Facebook will stop charging advertisers for likes and comments if they don't want them. Image source: Facebook.
Advertisers are starting to demand more from Facebook . They want guaranteed results. Video advertisers want to be sure their videos are seen. App advertisers only want to pay when their apps are installed. And retailers only want to pay when a user clicks through to view more info about their products.
And Facebook has answered their demands. After announcing that it won't count video ad views until a video plays for at least 10 seconds, Facebook redefined a "click," removing likes, shares, and comments from its definition and thus removing them from the "cost" equation. The new definition is more aligned with most businesses' objectives with Facebook ads.
Twitter made a similar switch last year, allowing customers to specify the goal of their ads on Twitter. That change had management overestimating how well their ads would perform, and the company missed its revenue outlook for the first quarter. Will Facebook suffer a similar fate?
The key to success with direct response adsThese types of ads, referred to as direct response, rely heavily on targeting to produce conversions. Facebook, arguably, has some of the best targeting data on its users of any company.
I've argued in the past that Twitter has excellent potential when it comes to targeting ads and getting users to respond. A well put together Twitter timeline sends a better interest signal than Facebook's social graph. Nonetheless, Twitter has struggled to get many users to the level where they follow the users they're most interested in. That makes it harder to target and convert ads.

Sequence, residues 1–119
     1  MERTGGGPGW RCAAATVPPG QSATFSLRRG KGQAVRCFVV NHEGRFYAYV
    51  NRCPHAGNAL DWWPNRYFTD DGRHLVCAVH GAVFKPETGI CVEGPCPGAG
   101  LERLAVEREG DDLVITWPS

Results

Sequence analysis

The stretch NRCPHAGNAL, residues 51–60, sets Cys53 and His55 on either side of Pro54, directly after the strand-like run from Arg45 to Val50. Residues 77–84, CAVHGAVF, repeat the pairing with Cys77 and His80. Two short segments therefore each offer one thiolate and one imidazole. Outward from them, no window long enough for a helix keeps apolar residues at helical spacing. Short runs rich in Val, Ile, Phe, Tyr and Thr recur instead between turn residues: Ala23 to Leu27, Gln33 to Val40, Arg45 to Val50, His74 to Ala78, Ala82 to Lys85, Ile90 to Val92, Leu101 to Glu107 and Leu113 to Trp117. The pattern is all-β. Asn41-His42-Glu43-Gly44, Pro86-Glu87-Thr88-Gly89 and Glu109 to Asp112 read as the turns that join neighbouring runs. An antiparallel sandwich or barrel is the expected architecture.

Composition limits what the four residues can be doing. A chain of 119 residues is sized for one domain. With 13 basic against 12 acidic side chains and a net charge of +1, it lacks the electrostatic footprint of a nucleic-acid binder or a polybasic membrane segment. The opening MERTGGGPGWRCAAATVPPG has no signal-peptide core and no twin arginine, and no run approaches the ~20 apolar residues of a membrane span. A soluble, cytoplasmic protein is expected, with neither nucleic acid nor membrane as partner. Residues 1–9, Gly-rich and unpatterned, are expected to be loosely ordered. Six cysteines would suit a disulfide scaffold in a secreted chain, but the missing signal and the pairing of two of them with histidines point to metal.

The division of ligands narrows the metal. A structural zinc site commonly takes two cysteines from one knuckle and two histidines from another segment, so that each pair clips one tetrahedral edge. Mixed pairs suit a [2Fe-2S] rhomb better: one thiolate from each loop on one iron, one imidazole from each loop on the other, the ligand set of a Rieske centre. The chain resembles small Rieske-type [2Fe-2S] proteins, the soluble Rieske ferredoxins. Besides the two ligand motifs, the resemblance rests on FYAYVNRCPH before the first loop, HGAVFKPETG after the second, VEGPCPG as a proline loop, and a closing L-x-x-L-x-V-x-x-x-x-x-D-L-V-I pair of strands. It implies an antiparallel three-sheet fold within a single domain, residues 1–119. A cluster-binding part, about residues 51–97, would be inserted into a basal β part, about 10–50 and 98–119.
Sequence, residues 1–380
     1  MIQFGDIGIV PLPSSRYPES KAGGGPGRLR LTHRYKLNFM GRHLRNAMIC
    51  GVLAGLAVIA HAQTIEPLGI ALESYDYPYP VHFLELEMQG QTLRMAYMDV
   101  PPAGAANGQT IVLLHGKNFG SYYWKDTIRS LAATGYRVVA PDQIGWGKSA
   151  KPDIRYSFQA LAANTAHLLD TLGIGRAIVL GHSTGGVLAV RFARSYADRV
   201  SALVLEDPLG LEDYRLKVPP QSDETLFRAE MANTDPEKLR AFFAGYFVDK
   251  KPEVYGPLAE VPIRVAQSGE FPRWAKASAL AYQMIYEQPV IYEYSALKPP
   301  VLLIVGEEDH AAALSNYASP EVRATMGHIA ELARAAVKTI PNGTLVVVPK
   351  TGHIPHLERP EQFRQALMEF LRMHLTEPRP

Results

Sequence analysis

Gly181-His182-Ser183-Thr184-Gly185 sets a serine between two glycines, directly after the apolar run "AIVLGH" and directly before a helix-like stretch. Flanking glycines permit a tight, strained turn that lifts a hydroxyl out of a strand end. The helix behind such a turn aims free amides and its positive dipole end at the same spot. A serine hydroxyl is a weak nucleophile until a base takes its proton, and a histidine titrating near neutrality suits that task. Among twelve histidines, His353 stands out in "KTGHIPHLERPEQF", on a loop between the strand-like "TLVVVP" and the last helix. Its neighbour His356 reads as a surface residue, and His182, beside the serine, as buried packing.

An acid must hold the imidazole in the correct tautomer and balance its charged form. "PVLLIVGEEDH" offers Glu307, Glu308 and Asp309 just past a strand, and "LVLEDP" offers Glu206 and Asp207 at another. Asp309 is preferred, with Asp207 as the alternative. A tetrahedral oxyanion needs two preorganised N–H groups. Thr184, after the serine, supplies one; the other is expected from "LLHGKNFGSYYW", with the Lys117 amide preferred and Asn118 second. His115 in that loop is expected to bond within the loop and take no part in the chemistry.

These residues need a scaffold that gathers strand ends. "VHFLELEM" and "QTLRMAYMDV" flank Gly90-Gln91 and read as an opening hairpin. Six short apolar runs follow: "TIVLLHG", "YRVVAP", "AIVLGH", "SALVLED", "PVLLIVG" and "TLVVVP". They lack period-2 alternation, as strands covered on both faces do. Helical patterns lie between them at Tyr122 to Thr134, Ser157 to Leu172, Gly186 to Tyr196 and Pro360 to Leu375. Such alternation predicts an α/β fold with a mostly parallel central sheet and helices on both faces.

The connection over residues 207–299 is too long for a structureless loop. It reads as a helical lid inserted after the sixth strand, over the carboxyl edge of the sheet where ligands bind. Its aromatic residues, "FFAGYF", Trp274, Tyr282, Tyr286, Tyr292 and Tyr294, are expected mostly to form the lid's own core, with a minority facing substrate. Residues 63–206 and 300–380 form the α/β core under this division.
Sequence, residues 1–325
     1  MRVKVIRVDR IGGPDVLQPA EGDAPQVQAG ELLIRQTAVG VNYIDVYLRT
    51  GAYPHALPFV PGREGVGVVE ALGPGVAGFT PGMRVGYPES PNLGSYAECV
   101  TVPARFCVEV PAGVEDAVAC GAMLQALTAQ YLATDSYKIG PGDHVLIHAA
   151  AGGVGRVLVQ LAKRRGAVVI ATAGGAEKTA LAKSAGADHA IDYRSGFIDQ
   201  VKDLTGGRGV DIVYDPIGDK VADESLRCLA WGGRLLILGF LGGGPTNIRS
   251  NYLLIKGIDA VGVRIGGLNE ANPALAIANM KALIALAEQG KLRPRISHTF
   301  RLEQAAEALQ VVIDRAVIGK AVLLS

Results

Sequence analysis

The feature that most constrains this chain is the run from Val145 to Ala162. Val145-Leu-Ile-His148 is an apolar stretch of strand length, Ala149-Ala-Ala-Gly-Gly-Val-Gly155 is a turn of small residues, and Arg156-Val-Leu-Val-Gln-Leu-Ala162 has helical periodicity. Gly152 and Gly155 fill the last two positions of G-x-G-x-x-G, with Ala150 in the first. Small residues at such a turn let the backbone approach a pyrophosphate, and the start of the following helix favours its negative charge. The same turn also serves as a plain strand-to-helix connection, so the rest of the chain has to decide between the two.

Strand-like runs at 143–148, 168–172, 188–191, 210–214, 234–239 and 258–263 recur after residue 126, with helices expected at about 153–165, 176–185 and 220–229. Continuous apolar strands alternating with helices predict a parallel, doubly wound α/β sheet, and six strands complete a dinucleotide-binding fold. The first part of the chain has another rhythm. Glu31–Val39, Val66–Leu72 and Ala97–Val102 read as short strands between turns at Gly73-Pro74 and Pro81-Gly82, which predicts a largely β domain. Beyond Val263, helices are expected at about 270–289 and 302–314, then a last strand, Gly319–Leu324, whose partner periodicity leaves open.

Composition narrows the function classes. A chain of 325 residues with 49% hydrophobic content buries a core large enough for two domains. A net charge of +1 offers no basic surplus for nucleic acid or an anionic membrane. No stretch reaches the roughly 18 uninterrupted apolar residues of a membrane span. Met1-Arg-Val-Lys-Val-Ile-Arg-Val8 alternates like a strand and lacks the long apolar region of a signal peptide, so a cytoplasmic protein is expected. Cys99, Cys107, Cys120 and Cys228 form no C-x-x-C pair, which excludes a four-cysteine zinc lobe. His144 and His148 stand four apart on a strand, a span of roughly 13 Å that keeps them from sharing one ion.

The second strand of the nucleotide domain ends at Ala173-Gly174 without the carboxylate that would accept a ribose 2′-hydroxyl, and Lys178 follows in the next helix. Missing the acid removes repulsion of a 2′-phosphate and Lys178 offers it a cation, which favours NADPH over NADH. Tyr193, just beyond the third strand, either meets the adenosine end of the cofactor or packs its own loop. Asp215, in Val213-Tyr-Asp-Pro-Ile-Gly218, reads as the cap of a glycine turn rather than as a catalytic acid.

Facebook, meanwhile, has loads of data on its users' likes, the brands they follow, and other demographic data such as age and gender, which Twitter doesn't. Facebook has also been noting how much attention its users pay to each item in their news feeds, regardless of whether it's an ad. Being selective about which ads it places in front of users will maintain the user experience and prevent Facebook from wasting its ad space.
Ad space, by the way, is diminishingLast year, Facebook made a change to its desktop ads by increasing the size of the right-hand column units. That resulted in fewer ads displayed to users on desktop. Additionally, as more users shift more of their time to mobile, the right-hand column disappears altogether, and Facebook relies entirely on ads in the news feed.
At the same time, the number of advertisers on Facebook continues to increase. The company surpassed 2 million advertisers in February. Twitter, by comparison, had just 60,000 advertisers as of its last update in November.
In other words, Facebook is in a position where it's looking to increase ad prices, where Twitter should be looking to increase total advertisers. Trying to do both at the same time is a bit tricky, and it leads to problems like we saw in Twitter's first quarter.
Facebook, meanwhile, has continued increasing prices as more bidders bid on fewer ads. However, Facebook will start to come up against tougher comparables this quarter, and it needs a catalyst to continue improving ad prices as ad inventory stabilizes. The switch to direct response ads may perform better for Facebook in its current position than it did for Twitter.
Still, there's some risk involved for Facebook. How will businesses adjust to the new definitions of clicks and views? Will they be willing to spend enough per click to make up for lost revenue from likes, shares, and comments? These are things that are outside Facebook's control.
Considering Facebook's current position with its ability to target users, the number of advertisers it works with, and the number of ads it's currently showing per user, the company looks poised to make the shift more successfully than Twitter.
The article Can Facebook Inc. Succeed With Direct Response Ads Better Than Twitter Inc.? originally appeared on Fool.com.
Adam Levy has no position in any stocks mentioned. The Motley Fool recommends Facebook and Twitter. The Motley Fool owns shares of Facebook and Twitter. Try any of our Foolish newsletter services free for 30 days. We Fools may not all hold the same opinions, but we all believe that considering a diverse range of insights makes us better investors. The Motley Fool has a disclosure policy.
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